On a longer weekend, we have hiked Maple Loop Trail at the Rainy Pass Trailhead on the North Cascades Highway. Again, a challenging hike of eight miles, three mountain passes, one hogback ridge with Lake Ann on your left if you hike it counterclockwise or on your right if you hike it clockwise. Hiking is fun, inexpensive and can be full of surprises.

-- RON SNYDER, Kennewick

Seattle scene

When it comes that time to relax and step away from life, I love going to the Seattle area. Now, I know your first thought may be, why go from one city to the next? To that I say that it's the difference and culture (not to mention beauty) that surrounds the place.

I think many of us can skip the main attractions such as Space Needle but to hit the less known areas such as jazz clubs in alleyways or just a stroll along the marina. When you hit these lesser known areas you can relax and step outside of our daily routine. Add in scenic waterfalls such as Twin Falls and the lesser known Bridal Veil Falls and you're in for a relaxing weekend.

-- RYAN MEARS, Pasco

One for the dogs

My favorite northwest getaway would be Cannon Beach, Ore. The principal reason is that the beach is wide and long, and my dogs love it.

Almost all of the lodging facilities are pet friendly and some of the rooms open up to the beach.

The main problem is cost -- $200 to $400 a night during prime time -- but much lower at other times,which is when we go,

Whatever the cost, it is worth it just to see my dogs run on that beach actually laughing at the experience.

-- BOB GIFFORD, West Richland

British Columbia

Our favorite is to drive to Vancouver, British Columbia, viewing the art exhibits and Museum of Anthropology, then to the gaslight area of downtown Vancouver. People are extremely friendly there.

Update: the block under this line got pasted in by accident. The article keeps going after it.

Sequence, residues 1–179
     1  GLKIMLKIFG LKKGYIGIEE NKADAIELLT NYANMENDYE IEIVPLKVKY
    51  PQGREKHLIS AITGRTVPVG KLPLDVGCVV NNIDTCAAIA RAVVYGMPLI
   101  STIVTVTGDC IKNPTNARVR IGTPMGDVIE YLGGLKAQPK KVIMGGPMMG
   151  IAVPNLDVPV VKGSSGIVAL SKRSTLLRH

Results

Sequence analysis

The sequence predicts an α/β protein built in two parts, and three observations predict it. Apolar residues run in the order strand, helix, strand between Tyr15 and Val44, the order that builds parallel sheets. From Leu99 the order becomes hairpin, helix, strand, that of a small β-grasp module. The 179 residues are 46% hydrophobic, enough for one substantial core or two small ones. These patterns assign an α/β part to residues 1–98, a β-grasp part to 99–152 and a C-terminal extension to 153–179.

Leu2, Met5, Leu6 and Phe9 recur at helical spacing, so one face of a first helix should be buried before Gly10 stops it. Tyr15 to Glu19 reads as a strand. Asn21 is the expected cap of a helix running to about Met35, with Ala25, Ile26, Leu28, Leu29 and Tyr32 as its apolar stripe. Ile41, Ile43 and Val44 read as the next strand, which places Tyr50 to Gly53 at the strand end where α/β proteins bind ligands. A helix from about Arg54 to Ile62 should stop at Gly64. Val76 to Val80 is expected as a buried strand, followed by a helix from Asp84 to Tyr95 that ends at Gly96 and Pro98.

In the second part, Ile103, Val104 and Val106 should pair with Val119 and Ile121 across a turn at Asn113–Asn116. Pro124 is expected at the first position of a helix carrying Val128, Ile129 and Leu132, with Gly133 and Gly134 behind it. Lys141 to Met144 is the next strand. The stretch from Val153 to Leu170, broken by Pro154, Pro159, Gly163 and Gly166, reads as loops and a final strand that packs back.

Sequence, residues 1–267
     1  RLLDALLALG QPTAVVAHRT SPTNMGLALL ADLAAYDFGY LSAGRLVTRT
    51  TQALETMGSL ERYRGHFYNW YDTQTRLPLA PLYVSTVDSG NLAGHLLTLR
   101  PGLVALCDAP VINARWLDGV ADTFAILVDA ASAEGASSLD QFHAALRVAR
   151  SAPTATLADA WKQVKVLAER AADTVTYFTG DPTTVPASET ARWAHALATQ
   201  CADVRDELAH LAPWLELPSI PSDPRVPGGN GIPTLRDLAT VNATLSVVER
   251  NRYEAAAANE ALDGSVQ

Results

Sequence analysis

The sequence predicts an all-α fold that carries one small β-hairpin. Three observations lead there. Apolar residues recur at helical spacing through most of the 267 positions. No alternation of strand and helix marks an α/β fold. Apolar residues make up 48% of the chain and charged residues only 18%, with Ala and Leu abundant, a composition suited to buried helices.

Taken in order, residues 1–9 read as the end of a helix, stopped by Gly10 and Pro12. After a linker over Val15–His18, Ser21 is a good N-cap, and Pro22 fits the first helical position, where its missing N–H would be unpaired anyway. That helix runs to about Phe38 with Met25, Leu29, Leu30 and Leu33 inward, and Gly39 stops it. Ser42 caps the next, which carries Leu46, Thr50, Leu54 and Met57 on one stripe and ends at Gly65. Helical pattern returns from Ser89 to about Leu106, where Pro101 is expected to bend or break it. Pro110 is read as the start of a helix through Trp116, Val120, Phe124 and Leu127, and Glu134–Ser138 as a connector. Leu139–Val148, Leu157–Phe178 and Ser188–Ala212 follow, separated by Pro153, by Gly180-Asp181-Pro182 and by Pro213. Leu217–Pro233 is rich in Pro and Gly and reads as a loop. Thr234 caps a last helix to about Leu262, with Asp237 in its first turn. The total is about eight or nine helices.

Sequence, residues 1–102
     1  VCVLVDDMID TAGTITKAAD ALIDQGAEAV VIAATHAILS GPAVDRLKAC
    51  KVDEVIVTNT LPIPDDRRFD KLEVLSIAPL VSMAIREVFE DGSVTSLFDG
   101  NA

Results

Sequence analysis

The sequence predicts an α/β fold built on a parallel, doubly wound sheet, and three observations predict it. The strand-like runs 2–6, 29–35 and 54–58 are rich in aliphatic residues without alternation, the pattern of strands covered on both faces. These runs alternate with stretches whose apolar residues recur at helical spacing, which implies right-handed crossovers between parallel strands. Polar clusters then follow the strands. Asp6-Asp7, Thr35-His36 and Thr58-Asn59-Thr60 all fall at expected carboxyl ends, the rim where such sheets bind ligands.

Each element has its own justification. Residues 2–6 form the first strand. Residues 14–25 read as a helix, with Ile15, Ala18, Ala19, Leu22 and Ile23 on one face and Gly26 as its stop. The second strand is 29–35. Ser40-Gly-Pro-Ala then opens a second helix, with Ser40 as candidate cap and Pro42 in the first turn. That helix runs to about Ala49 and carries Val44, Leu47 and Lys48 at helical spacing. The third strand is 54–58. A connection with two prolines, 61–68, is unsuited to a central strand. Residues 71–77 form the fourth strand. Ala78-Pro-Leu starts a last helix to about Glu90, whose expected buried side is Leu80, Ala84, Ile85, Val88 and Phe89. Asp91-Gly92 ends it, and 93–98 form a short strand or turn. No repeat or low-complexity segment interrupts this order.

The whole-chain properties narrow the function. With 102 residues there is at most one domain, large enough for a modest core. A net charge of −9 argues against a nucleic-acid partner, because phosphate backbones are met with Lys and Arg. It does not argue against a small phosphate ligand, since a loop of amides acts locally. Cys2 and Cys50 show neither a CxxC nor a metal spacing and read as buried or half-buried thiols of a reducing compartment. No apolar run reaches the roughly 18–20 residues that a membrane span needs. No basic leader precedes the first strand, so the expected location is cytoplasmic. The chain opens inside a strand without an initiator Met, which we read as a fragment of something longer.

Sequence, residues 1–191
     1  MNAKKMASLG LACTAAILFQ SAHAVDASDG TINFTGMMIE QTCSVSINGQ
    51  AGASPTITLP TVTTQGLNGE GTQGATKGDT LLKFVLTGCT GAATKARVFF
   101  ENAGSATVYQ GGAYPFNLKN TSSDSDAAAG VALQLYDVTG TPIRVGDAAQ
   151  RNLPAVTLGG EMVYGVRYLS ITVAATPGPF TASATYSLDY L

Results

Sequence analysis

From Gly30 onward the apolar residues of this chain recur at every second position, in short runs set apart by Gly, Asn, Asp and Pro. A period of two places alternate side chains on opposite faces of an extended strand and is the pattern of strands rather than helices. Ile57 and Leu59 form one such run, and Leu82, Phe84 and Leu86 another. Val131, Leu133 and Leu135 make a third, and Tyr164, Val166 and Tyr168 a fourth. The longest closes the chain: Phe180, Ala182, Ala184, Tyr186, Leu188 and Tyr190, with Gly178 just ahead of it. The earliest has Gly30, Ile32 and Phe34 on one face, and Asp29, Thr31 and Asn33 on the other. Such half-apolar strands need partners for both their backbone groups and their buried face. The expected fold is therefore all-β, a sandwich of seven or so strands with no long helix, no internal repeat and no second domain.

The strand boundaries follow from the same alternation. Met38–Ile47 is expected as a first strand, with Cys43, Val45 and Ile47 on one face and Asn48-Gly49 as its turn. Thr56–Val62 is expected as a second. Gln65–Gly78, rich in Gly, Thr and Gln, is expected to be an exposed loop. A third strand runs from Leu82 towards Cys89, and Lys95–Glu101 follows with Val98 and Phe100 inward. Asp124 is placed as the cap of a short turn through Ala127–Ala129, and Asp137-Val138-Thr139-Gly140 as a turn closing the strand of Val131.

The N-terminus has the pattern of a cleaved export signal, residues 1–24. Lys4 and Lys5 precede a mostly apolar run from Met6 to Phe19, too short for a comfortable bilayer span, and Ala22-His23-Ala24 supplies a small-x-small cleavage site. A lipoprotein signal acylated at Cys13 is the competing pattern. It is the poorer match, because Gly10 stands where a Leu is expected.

Then we drive back across southern British Columbia, through Osoyoos, a lesser known Canadian summer resort, then down through Spokane to see the anthropological museum there, then back home to the Tri-Cities.

This is our favorite northwest visit.

-- RON WEED, Kennewick

Keep it close

My favorite Northwest getaway is hiking the neighboring hills and fishing our local rivers. It is birding at the three rivers confluence and taking Sunday drives out through the vineyards and orchards and farms, which lie close to us. My weekend getaway is staying right here, in our beautiful, richly diversified home.

-- RICHARD OLSEN, Prosser

Temporary estate

My Tri-City family has for many years met annually at Williams Lake Resort. We usually booked far ahead and took over the whole resort. We had enough family members to rent all of the cabins.

I've since moved to Clarkston to be near more daughters, but still keep in contact, and my son in New Mexico informed me on Father's Day that they are planning to go to Williams sometime in September. I can't wait.

-- ROBERT V. BATTERTON, Clarkston

Can't name just one